The National Lottery Authority (NLA) will lose close to 13 per cent of its revenue threshold each week if the National Lotto Receivers Union (NLRU) and the lotto marketing companies (LMCs) do not call off their strike.
Although the percentage loss could not be quantified in real figures as a result of confidentiality, sources at the authority told the Daily Graphic that the NLA would be able to achieve an 87 per cent revenue threshold, in spite of the strike.
Members of the NLRU and the LMCs began an indefinite nation-wide strike last Thursday, July 7, 2011 to protest against the reduction in the commission paid to them by the NLA.
According to them, the NLA had failed to address the concerns they raised regarding the downward review of their commission from 25 to 20 per cent.
In addition to the strike, the receivers also resolved to withdraw their trading capitals from the NLA's business.
But speaking to the Daily Graphic in Accra on Wednesday, the Communications Director of the NLA, Mr Reagan Twum Barimah, said the authority had been able to achieve more than 80 per cent of its daily revenue as of Friday, July 8, 2011.
He, therefore, called on the NLRU and the LMCs to reconsider their stance and call off the strike as they were important stakeholders in the lottery industry.
He explained that the decision to pay 20 per cent commission had been implemented since April this year, without any complaint and expressed surprise at the new development.
According to Mr Twum Barimah, the two bodies could call off their strike and resume operation while negotiations with the NLA continued.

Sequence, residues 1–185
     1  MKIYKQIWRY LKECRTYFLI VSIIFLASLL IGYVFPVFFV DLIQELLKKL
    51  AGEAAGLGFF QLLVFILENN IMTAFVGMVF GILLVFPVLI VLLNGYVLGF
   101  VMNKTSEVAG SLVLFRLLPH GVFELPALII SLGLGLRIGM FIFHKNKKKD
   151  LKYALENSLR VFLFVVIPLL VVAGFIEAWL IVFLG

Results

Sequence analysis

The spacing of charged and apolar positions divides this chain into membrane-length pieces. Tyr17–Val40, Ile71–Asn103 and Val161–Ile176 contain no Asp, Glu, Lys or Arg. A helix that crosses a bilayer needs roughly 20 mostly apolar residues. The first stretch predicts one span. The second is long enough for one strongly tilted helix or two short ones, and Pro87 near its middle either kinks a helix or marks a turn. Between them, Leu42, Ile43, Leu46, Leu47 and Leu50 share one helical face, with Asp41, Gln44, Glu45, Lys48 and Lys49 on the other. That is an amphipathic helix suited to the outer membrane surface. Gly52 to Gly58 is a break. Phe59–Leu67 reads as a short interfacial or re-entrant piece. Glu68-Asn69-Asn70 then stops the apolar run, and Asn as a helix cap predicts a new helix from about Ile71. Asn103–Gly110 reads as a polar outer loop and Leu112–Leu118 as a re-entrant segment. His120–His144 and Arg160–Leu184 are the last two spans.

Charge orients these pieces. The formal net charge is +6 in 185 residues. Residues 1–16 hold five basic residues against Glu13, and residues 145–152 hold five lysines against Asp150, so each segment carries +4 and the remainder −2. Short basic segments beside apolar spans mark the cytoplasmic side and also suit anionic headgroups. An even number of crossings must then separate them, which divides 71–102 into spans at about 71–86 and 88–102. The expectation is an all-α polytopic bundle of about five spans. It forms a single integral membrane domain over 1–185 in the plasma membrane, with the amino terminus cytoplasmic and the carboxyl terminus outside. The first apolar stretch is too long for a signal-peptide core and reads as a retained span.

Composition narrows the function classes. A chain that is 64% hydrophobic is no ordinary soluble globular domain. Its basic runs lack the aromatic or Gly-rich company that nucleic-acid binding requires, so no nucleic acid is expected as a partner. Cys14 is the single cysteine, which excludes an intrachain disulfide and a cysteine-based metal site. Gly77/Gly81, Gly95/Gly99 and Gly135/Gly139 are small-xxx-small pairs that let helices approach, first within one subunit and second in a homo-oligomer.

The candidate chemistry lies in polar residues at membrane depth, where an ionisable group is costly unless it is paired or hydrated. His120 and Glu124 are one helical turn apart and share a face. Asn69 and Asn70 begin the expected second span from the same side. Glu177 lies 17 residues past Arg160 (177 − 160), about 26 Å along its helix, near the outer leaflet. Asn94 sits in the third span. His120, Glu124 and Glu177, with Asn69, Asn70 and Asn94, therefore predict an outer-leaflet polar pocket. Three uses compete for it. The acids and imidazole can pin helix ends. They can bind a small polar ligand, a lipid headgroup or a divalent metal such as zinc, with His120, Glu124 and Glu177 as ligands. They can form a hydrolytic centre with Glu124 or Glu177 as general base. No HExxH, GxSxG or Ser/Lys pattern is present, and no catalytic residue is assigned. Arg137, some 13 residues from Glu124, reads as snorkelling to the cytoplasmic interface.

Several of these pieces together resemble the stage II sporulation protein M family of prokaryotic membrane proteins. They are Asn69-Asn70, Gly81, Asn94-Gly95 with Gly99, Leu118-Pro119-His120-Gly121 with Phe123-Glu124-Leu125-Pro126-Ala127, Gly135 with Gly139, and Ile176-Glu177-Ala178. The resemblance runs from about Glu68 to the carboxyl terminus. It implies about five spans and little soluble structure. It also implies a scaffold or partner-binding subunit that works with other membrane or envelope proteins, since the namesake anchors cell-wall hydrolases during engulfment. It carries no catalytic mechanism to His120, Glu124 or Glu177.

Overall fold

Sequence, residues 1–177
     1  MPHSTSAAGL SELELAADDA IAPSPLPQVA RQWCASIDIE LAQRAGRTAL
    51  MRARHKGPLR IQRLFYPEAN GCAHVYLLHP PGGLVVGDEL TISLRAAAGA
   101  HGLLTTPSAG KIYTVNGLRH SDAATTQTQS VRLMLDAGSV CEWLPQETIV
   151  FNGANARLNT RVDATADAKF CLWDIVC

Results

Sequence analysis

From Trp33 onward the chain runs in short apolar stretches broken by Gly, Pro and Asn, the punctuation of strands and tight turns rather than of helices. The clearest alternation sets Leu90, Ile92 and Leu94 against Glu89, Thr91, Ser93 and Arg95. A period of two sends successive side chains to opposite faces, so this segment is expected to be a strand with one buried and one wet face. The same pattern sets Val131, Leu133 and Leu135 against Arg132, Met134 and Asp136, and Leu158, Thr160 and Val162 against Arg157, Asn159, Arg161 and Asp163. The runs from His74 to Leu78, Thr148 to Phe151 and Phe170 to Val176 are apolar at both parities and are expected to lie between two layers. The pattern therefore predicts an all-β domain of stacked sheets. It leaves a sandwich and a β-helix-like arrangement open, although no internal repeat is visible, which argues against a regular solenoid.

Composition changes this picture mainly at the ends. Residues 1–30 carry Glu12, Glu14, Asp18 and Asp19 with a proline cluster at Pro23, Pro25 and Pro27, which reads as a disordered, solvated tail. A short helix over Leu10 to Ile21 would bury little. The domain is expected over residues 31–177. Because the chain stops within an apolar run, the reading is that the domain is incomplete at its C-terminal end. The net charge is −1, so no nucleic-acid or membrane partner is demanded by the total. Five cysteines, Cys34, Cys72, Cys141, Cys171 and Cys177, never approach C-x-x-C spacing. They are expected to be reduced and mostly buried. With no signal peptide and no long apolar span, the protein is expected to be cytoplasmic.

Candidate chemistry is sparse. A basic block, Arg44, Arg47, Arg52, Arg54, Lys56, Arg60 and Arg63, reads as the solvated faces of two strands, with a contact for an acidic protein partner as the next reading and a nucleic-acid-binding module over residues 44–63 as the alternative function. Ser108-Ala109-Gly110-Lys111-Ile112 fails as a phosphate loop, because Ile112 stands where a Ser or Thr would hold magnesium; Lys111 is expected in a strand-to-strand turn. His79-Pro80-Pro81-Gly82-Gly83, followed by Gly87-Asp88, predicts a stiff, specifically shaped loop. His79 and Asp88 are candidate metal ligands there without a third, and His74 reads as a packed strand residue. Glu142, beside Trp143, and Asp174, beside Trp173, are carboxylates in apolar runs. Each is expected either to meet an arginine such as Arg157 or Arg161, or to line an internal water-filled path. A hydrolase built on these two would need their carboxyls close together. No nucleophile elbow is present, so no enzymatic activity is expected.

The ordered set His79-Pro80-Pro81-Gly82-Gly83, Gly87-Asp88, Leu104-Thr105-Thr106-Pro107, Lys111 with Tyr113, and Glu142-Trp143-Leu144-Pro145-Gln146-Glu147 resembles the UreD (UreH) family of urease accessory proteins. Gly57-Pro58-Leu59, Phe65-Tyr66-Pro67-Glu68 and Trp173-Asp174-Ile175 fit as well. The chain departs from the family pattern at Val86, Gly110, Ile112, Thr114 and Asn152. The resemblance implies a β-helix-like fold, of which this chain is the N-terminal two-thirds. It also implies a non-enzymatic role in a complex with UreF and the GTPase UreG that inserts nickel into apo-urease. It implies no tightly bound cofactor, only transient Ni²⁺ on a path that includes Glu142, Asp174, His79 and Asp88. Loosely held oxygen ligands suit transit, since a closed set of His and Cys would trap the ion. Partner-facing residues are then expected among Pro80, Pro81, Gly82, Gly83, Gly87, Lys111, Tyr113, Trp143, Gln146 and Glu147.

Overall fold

Meanwhile, the national executive of the NLRU has asked officials of the NLA to desist from the smear campaign being targeted at the union.
Rather, they called on the authority to engage the union to address the problem, instead of using media platforms to fight its cause.
Making the appeal in an interview with the Daily Graphic, the National Chairman of the NLRU, Mr Daniel Mensah, said members had resolved to continue the strike until their concerns were addressed.
He described the assertion that automation machines had been supplied to members of the union free of charge, thereby necessitating the need for a reduction in their commission, as false.
We use our own money to purchase the booklets before selling to the public for commission, yet NLA officials do not appreciate it, Mr Mensah, who spoke for the executive, stated.
A Ghana News Agency story published in the Daily Graphic on July 12, 2011 quoted the Communication Director of the NLA as having indicated that the NLRU earning 20 per cent on any amount sold is better than withdrawing its service.
Mr Mensah said the stance of the authority was a disincentive to the union which had, over the last 25 years, enjoyed the 25 per cent commission.
He indicated that the association had since 2000 enjoyed the 25 per cent following persistent negotiations that led to an eventual review of the Lotto Act 237 of 1961 in 2006.
We were receiving the 25 per cent even before the automation system was introduced, he explained.
While calling on members of the NLRU to continue with the strike, Mr Mensah similarly charged them to go for their June commission from the authority to ease their financial difficulties.
Source: Daily Graphic/Ghana
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